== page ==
Introduction to Gated Recurrent Unit (GRU)

Shipra Saxena 27 Jun, 2024
9 min read


In the ever-evolving world of artificial intelligence, Moreover, where algorithms mimic the human brain’s ability to learn from data, Recurrent Neural Networks (RNNs) have emerged as a powerful deep learning algorithm for processing sequential data. However, RNNs struggle with long-term dependencies within sequences. This is where Gated Recurrent Units (GRUs) come in. As a type of RNN equipped with a specific learning algorithm, GRUs address this limitation by utilizing gating mechanisms to control information flow, making them a valuable tool for various tasks in machine learning.


  • In sequence modeling techniques, the Gated Recurrent Unit is the newest entrant after RNN and LSTM, hence it offers an improvement over the other two.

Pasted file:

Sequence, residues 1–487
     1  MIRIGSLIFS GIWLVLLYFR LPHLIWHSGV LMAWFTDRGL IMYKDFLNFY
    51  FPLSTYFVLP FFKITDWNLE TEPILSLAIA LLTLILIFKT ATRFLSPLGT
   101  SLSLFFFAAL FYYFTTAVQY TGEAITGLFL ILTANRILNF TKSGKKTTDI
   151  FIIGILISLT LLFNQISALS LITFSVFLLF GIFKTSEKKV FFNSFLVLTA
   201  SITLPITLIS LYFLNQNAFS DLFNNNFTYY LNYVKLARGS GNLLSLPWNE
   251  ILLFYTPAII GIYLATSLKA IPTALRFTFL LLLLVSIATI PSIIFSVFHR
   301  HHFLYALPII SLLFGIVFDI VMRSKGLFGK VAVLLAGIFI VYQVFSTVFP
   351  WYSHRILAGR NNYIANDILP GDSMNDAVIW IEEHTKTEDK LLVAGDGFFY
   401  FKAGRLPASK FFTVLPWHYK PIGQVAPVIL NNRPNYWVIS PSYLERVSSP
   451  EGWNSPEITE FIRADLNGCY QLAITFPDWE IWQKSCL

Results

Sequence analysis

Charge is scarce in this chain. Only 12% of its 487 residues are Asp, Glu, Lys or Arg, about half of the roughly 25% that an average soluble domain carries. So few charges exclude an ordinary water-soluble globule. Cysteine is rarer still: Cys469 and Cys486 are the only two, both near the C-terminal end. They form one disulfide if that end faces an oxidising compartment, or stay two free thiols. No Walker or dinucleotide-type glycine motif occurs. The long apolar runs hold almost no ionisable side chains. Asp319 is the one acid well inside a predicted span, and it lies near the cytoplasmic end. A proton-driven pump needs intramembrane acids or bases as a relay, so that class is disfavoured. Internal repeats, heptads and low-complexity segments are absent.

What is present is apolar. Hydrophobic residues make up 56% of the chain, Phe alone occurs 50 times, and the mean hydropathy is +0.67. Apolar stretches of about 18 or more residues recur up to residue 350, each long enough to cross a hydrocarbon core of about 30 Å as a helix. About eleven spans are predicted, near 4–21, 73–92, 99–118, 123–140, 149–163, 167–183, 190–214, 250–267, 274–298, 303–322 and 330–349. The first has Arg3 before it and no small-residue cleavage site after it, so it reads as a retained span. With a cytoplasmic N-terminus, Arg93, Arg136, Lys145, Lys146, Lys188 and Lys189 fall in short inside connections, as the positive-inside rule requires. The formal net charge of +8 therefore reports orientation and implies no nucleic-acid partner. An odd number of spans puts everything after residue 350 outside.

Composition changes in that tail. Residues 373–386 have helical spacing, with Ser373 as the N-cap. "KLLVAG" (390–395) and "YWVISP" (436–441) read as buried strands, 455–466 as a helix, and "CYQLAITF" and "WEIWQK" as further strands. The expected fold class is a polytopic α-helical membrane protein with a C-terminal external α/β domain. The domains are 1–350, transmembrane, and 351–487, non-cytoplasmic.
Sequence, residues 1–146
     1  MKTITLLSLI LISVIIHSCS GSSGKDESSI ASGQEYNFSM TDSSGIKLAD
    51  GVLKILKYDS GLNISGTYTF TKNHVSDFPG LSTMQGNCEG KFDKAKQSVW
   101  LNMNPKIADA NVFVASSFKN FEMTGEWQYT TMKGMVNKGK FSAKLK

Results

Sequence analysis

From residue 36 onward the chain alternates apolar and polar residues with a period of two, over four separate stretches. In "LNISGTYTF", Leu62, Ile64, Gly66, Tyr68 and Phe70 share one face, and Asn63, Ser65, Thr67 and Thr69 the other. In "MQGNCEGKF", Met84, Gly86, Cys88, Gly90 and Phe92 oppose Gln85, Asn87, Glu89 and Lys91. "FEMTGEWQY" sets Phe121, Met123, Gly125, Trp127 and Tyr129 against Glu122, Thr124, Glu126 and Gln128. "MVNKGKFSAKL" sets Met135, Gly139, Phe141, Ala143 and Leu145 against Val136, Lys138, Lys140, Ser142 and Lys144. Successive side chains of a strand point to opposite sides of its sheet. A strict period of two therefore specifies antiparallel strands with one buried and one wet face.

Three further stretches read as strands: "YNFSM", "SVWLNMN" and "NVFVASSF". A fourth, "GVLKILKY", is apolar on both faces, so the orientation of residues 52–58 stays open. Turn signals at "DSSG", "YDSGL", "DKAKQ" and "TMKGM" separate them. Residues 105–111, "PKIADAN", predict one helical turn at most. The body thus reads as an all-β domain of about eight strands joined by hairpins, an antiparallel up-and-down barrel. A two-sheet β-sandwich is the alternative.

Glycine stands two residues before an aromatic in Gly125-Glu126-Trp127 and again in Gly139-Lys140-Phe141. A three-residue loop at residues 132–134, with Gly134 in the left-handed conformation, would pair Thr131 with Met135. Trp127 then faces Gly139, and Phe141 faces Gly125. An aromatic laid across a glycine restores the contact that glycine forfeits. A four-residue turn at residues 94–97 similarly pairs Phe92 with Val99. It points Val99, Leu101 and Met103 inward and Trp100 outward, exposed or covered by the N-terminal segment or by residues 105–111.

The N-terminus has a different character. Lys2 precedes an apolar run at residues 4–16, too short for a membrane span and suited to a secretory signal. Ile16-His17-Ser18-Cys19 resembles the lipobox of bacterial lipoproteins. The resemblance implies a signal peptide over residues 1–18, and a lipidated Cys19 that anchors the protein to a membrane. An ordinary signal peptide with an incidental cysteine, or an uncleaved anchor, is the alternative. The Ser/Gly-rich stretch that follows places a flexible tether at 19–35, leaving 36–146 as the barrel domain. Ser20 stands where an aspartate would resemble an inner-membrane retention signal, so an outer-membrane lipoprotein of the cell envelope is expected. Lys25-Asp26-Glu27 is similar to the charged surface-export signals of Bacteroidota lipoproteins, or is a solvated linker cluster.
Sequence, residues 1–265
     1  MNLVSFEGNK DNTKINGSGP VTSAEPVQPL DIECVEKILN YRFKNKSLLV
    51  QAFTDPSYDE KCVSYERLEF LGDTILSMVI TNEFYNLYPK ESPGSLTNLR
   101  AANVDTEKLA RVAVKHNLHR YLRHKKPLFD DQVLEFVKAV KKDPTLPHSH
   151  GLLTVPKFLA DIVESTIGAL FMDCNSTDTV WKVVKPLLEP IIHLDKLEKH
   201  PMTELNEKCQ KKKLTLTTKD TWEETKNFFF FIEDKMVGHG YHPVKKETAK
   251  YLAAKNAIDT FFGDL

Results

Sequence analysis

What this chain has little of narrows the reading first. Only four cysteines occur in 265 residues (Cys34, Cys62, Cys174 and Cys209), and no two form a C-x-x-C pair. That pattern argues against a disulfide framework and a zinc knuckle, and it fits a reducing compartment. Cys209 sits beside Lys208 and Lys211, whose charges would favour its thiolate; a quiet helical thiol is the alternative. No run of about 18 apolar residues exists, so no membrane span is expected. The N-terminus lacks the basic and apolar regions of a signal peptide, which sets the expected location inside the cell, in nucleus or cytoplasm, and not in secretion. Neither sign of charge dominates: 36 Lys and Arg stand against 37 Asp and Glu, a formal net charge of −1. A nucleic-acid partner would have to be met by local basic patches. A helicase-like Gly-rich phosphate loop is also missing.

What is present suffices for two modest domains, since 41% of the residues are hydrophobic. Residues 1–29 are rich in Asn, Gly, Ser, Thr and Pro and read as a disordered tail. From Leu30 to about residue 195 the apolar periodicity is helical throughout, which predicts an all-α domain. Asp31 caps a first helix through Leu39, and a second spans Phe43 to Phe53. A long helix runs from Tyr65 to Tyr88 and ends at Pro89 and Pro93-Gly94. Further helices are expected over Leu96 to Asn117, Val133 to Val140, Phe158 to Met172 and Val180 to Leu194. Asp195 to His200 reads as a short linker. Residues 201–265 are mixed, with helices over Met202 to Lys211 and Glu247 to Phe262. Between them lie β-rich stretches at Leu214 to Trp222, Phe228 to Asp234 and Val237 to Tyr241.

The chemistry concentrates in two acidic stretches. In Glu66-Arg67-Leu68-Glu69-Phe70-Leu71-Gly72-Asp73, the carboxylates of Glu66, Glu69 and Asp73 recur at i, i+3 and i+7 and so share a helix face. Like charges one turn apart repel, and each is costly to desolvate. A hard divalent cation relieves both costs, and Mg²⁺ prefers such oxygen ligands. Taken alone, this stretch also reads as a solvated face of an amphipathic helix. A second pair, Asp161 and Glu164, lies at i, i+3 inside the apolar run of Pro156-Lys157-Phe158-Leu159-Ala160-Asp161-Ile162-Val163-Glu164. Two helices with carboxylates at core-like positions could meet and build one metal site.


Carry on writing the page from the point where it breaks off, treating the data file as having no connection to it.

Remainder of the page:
• Understand the working of GRU Activation Function and how it is different from LSTM

Note: If you are more interested in learning concepts in an Audio-Visual format, We have this entire article explained in the video below. If not, you may continue reading.

What is GRU?

GRU or Gated recurrent unit is an advancement of the standard RNN i.e recurrent neural network. It was introduced by Kyunghyun Cho et al in the year 2014.

GRUs are very similar to Long Short Term Memory(LSTM). Just like LSTM, GRU uses gates to control the flow of information. They are relatively new as compared to LSTM. This is the reason they offer some improvement over LSTM and have simpler architecture.

Gated recurrent unit

Another Interesting thing about  GRU network is that, unlike LSTM, it does not have a separate cell state (Ct). It only has a hidden state(Ht). Due to the simpler architecture, GRUs are faster to train.

In case you are unaware of the LSTM network, I will suggest you go through the following article-Introduction to Long Short term Memory(LSTM).